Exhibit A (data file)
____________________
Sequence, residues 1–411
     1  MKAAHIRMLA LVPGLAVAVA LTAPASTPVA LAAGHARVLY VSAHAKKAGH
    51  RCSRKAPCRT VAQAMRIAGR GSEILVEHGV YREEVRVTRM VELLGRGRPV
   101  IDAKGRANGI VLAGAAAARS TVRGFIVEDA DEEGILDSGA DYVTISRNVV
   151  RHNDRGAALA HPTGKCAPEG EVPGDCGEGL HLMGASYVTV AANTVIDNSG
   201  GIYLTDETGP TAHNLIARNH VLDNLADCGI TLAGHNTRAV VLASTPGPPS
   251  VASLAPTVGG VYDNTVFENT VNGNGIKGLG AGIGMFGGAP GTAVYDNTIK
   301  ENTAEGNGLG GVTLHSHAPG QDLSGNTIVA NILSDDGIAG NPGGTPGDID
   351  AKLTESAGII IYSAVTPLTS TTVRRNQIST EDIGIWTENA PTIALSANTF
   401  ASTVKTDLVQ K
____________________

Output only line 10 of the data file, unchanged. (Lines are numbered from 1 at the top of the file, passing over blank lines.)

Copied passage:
   401  ASTVKTDLVQ K